In late 2011, a lone gray wolf with the biologists' name OR7 crossed into Northern California from Oregon - the first time a wild gray wolf has set foot in the state in 88 years.
His trek also brought him fame and a nickname, Journey, chosen in a competition by schoolchildren in his home state of Oregon. GPS technology tracking Journey’s daily movements has allowed Journey to captivate the imagination of Californians. At least two Twitter accounts update his hypothetical musings as he wanders in search of a mate. Gray wolves, killed by the thousands by ranchers and targeted by government bounties, had become nearly extinct in the lower 48 states by the 20th century; in 1974, they were protected under the Endangered Species Act. Scientists and environmentalists have hopeful but more realistic assessments of Journey’s adventures. In the mid-1990s, 66 Canadian wolves were released into Yellowstone National Park and their population has grown to nearly 1,700.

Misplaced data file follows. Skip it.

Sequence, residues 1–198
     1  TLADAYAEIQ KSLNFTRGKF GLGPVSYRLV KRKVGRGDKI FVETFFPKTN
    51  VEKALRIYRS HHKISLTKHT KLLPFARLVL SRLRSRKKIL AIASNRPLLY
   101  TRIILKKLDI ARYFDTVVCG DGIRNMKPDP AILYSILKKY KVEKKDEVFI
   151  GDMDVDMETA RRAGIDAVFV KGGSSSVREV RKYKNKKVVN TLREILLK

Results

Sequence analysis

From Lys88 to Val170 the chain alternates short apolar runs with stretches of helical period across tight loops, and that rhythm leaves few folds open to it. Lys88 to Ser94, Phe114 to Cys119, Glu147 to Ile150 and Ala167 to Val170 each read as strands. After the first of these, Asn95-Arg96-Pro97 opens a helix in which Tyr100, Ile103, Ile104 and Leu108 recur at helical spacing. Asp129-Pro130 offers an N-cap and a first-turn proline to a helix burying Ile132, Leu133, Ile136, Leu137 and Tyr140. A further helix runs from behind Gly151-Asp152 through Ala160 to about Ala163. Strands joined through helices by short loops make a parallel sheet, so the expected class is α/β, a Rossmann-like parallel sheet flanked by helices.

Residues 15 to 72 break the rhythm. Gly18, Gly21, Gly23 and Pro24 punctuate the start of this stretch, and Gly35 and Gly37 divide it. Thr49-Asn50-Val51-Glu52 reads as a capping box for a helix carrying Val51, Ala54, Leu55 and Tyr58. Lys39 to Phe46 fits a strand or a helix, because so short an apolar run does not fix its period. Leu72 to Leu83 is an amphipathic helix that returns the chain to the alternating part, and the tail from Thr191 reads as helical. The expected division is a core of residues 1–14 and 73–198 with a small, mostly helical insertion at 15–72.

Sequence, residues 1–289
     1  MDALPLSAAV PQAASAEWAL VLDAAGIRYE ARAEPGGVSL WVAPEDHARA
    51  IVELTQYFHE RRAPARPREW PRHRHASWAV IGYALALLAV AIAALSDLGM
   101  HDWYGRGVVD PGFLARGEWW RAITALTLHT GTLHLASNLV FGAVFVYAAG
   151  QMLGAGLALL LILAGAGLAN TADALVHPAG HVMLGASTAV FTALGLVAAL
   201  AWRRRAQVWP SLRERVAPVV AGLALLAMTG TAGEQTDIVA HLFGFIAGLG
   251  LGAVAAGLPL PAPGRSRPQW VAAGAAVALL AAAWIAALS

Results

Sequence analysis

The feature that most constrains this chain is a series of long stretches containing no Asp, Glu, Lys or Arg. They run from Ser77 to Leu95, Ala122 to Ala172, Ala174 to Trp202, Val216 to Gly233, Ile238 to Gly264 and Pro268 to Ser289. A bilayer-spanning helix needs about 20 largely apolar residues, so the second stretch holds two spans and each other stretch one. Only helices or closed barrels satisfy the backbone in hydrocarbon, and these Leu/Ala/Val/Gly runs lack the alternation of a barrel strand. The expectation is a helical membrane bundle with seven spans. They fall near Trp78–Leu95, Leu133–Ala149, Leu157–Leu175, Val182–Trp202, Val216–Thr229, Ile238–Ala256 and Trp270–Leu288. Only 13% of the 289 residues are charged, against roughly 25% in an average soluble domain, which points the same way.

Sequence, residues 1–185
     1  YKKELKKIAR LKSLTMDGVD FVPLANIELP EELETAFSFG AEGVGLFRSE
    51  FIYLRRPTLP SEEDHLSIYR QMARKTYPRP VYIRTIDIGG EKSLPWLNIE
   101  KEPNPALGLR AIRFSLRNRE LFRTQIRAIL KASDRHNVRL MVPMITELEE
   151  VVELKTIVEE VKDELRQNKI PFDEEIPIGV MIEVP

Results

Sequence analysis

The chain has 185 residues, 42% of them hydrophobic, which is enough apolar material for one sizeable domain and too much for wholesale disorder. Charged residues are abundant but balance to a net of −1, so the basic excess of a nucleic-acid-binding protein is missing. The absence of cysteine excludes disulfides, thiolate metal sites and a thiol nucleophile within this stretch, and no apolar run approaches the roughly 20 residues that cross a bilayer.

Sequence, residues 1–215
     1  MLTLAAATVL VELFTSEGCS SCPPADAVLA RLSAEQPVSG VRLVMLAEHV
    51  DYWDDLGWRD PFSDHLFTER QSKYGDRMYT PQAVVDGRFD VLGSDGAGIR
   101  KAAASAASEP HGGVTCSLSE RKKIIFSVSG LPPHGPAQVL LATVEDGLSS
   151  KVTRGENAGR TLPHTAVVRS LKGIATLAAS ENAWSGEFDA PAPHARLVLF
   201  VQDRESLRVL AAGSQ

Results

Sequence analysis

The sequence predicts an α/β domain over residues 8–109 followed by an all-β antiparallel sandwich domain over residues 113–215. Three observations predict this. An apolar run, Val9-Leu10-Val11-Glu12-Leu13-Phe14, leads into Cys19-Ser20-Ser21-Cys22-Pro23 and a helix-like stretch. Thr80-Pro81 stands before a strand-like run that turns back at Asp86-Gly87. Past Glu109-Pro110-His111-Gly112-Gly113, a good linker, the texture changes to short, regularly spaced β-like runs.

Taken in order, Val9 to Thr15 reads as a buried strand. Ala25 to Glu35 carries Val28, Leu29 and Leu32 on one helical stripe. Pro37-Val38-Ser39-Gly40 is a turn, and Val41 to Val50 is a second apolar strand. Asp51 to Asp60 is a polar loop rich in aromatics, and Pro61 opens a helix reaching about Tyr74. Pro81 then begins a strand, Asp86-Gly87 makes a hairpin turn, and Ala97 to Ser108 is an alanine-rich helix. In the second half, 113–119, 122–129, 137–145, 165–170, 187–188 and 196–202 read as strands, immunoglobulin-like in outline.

Can the gray wolf still fit into the dwindling modern ecosystem? What can humans do to coexist with gray wolves?
Karen Kovacs, Wildlife Program Manager, Northern region, California Fish and Game
Matthew Kirby, Washington representative for The Sierra Club